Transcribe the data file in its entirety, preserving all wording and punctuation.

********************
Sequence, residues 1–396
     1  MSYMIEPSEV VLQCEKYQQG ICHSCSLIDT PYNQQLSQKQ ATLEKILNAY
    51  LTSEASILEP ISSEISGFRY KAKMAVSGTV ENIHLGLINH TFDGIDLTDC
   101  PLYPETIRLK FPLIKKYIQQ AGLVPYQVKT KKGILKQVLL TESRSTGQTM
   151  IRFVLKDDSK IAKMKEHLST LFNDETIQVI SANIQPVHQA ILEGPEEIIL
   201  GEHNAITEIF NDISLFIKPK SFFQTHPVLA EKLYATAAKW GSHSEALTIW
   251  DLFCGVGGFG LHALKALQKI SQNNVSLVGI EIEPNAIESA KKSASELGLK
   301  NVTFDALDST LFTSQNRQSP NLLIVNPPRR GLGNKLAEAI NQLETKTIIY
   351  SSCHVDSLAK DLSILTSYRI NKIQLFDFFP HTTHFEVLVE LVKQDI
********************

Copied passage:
Sequence, residues 1–396
     1  MSYMIEPSEV VLQCEKYQQG ICHSCSLIDT PYNQQLSQKQ ATLEKILNAY
    51  LTSEASILEP ISSEISGFRY KAKMAVSGTV ENIHLGLINH TFDGIDLTDC
   101  PLYPETIRLK FPLIKKYIQQ AGLVPYQVKT KKGILKQVLL TESRSTGQTM
   151  IRFVLKDDSK IAKMKEHLST LFNDETIQVI SANIQPVHQA ILEGPEEIIL
   201  GEHNAITEIF NDISLFIKPK SFFQTHPVLA EKLYATAAKW GSHSEALTIW
   251  DLFCGVGGFG LHALKALQKI SQNNVSLVGI EIEPNAIESA KKSASELGLK
   301  NVTFDALDST LFTSQNRQSP NLLIVNPPRR GLGNKLAEAI NQLETKTIIY
   351  SSCHVDSLAK DLSILTSYRI NKIQLFDFFP HTTHFEVLVE LVKQDI